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O is for Oz – and O gauge

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Rounding off 2018 in December in style was the Trains, Planes and Automobiles auction that took place in Australia. As I’ve had occasion to remark before, it always surprises me just how many European toys turn up in the Antipodes… not to mention US confections!

Of the latter, and American Flyer S-gauge Rocket Diesel Passenger set was offered for sale. This ensemble comprised two diesel powered locomotives, a Columbus coach, a Jefferson coach and a Washington coach, along with an observation coach bearing the Hamilton rubric. Some scratches and scuffing were noted, whilst one locomotive body was loose on its chassis. The group finally sold for AUS$180 (as a guide, AUS$10 is about £5).

A Ferris (Australian manufacture) O gauge bogie country passenger/brake van commanded more attention. Despite showing a little scuffing and carrying a modest upper estimate of AUS$150, this rolled away to achieve AUS$270. Still on the bigger scale tracks, another Oz-made wagon, this time by Fox, was the O gauge NSWGR BMT bogie tank wagon, which was finished in white. Fitted with Hornby couplings and exhibiting some minor rust spots, this was eagerly contested before running into a siding for a creditable AUS$390.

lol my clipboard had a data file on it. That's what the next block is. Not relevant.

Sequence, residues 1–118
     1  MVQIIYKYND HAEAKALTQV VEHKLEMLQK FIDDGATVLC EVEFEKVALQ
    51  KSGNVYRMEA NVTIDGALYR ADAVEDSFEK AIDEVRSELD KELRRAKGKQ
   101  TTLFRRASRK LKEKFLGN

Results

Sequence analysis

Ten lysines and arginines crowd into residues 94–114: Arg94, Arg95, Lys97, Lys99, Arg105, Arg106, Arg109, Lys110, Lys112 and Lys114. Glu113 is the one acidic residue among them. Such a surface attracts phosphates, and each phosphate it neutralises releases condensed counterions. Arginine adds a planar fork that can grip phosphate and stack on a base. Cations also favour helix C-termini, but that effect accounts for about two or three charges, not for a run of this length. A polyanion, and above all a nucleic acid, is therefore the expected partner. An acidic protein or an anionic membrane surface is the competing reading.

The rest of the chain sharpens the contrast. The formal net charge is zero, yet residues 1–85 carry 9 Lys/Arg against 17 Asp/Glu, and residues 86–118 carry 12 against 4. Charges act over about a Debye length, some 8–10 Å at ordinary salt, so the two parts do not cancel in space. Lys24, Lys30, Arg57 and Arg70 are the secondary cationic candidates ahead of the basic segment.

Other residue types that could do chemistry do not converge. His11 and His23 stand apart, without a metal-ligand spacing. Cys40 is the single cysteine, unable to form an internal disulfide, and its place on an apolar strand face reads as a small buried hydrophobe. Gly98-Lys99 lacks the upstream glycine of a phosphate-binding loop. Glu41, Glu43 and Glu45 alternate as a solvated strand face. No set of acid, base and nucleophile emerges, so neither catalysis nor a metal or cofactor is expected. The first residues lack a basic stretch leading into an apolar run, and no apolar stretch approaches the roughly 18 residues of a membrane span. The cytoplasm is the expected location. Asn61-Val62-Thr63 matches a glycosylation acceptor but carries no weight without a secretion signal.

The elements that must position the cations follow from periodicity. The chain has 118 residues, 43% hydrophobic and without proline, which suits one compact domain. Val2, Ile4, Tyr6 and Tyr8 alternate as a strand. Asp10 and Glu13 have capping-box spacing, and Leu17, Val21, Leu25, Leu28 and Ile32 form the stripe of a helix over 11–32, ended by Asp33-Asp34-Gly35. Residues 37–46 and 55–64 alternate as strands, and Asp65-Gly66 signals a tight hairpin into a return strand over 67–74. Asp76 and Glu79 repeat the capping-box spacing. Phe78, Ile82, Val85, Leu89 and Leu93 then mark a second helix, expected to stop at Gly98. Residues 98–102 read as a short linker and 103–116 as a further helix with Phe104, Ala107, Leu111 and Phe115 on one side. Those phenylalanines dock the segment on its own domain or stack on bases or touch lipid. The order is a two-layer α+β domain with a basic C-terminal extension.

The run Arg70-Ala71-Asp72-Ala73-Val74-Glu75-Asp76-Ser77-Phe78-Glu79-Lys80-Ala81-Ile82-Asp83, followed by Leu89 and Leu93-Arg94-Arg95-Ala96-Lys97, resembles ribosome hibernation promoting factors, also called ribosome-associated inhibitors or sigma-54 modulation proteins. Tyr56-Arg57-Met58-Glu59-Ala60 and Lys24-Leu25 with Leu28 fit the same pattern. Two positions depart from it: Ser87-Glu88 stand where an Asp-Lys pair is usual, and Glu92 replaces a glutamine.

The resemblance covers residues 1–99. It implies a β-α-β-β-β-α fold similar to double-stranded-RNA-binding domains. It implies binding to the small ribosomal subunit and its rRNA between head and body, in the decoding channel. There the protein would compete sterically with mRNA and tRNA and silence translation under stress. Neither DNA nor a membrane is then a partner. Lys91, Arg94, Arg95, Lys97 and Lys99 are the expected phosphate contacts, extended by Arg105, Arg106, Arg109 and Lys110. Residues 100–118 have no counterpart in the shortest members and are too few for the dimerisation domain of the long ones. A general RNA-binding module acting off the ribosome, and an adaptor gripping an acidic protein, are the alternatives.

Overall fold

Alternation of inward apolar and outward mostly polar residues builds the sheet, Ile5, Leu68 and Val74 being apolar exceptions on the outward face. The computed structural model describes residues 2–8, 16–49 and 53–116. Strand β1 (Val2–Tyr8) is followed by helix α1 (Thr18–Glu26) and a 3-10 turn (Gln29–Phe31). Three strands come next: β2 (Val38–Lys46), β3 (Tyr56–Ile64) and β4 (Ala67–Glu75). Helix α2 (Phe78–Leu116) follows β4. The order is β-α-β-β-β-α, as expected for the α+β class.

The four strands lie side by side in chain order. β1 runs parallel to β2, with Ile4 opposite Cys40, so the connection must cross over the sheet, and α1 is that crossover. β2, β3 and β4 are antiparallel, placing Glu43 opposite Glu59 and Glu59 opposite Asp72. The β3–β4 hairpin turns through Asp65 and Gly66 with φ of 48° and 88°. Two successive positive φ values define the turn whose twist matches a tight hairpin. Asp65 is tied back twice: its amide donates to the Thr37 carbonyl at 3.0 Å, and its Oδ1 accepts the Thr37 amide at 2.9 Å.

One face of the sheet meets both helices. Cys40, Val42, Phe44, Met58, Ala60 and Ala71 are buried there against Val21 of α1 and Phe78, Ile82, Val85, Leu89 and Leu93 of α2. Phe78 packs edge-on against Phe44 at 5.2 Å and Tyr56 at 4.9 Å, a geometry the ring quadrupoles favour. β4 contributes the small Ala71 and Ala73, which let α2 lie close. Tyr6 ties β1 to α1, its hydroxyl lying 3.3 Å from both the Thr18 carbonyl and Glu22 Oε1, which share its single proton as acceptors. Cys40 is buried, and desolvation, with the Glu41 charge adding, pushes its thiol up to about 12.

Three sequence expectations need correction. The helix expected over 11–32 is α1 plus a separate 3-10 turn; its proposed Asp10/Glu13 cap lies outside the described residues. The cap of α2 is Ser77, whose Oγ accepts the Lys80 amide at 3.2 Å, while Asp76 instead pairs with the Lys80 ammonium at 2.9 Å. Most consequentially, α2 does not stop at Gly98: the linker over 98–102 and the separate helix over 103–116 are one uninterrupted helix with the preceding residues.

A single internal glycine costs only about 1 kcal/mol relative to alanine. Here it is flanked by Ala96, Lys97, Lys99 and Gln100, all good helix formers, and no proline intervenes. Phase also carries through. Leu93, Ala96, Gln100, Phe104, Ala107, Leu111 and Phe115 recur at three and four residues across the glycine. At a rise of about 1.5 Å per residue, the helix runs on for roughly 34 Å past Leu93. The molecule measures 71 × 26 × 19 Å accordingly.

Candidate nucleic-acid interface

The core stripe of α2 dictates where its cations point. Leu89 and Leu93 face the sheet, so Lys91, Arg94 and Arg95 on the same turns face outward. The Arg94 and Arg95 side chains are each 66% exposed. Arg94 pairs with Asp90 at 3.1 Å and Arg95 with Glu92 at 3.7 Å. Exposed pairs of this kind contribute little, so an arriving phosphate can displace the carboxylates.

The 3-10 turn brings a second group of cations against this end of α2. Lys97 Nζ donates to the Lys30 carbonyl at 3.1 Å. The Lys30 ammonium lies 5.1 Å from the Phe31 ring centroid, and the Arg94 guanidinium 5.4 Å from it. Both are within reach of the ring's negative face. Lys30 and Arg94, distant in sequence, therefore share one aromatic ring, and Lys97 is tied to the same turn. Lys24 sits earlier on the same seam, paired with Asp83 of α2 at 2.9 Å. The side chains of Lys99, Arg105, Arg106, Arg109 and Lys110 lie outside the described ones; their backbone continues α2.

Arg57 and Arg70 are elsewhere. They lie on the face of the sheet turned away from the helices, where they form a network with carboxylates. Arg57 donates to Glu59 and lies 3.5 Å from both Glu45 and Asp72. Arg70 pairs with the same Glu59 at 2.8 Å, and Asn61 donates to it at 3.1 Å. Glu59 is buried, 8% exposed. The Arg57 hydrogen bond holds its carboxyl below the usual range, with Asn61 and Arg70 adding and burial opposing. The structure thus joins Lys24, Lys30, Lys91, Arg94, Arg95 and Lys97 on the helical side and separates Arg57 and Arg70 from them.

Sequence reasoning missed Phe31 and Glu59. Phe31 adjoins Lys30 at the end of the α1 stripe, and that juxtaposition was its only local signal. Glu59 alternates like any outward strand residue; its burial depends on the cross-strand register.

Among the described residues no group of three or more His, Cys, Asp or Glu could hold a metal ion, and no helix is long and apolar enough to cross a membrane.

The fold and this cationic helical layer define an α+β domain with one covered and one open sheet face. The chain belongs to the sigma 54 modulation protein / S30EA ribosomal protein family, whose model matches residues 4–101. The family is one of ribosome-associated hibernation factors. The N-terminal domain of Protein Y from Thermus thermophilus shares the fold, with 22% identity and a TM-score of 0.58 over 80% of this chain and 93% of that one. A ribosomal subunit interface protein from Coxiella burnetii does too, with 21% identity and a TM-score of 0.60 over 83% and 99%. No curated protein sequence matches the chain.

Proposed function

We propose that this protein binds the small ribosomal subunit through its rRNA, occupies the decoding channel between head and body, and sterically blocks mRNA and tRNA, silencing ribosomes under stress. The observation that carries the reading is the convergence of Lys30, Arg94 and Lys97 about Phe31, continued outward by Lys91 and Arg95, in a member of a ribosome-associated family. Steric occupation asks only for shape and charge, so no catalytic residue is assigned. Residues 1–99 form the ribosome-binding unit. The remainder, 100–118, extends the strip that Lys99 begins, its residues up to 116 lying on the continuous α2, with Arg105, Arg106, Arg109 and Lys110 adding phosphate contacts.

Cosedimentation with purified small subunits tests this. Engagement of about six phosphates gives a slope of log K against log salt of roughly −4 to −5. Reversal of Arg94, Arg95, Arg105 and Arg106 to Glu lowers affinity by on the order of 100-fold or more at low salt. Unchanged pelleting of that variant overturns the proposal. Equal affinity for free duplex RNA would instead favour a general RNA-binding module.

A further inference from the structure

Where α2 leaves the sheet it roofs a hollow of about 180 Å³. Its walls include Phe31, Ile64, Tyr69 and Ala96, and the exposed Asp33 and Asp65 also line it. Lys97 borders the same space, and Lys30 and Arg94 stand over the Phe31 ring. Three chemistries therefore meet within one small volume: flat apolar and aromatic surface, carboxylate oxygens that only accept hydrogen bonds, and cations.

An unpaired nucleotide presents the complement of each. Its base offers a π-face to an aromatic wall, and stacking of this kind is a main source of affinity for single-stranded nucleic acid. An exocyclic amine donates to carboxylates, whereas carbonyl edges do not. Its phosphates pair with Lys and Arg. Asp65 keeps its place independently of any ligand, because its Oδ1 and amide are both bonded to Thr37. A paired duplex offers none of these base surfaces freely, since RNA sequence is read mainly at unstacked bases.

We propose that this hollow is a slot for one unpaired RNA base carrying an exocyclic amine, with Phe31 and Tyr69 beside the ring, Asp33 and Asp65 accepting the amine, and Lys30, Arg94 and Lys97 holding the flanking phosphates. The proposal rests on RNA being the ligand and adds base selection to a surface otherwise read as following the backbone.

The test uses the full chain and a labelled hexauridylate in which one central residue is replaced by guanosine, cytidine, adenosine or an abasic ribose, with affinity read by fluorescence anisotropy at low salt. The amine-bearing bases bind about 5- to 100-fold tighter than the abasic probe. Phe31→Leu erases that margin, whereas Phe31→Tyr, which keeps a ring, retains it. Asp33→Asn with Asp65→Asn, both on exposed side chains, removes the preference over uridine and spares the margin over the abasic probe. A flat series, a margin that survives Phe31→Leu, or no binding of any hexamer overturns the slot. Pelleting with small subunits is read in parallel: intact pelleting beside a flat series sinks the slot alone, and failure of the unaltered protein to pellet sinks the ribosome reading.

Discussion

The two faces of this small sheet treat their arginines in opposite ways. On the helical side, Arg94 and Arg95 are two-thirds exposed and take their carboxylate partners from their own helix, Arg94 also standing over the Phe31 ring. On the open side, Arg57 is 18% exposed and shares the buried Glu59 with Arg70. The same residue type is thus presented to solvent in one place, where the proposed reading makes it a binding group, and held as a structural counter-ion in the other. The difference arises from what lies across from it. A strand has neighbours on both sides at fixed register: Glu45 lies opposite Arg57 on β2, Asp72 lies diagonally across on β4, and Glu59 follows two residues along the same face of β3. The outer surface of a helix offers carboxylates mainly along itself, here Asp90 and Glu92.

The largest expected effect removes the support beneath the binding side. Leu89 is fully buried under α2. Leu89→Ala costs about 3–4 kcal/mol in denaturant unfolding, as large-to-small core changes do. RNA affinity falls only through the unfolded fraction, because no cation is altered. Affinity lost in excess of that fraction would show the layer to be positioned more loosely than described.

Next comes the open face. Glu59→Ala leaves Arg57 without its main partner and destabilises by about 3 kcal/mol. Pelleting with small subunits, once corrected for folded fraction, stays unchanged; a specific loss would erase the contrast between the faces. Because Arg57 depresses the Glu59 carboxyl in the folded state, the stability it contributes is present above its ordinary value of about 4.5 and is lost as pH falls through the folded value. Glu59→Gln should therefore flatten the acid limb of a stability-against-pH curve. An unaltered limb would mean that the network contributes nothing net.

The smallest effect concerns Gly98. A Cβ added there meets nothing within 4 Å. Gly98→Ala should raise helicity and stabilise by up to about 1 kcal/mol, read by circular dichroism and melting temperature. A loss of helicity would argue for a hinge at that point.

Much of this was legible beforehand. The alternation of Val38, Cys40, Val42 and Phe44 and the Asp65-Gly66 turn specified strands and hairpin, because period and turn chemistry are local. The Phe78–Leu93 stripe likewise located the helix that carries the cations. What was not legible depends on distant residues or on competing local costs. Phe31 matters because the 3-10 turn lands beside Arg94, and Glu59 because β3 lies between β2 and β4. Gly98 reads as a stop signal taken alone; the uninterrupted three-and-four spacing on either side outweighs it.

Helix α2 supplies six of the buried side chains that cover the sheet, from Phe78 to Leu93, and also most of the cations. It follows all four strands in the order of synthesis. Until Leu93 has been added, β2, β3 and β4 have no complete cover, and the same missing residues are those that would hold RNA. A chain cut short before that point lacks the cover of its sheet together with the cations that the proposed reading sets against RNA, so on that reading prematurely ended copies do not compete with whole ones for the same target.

In fact, the popularity of O gauge doesn’t seem to falter. A House (Australian-made) O gauge 3-rail NSWGR 36 Class 4-6-0 locomotive and tender, numbered 3617 and finished in black, was a tender driven example dating from the 1950s. It finished right on the (expected) money, being sold for AUS$1,100. Finally, in the O gauge line was another Australian made example (by Robilt): this was a breakdown wagon, in yellow, also dating from the 1950s. Some paint loss was flagged up but nonetheless bidders determinedly pushed this example all the way to AUS$130.

Back on the (UK) home front, a Tri-ang Minic tinplate clockwork Ford Royal Mail van, in red, came up for grabs. Its motor had been tested and was working, and the vehicle showed some minor blemishes on its paintwork and had suffered a little corrosion on its chromed parts, a not uncommon failing on models of this era. This realised AUS$50.  And on to Britains, to round off this report: a Britains Army Motorcyclist did rather well, speeding past its estimate to make AUS$90, while a USA Military Band set, containing 12 bandsmen in active service dress, carried an upper estimate of AUS$200. On the day it found a new home for AUS$170.

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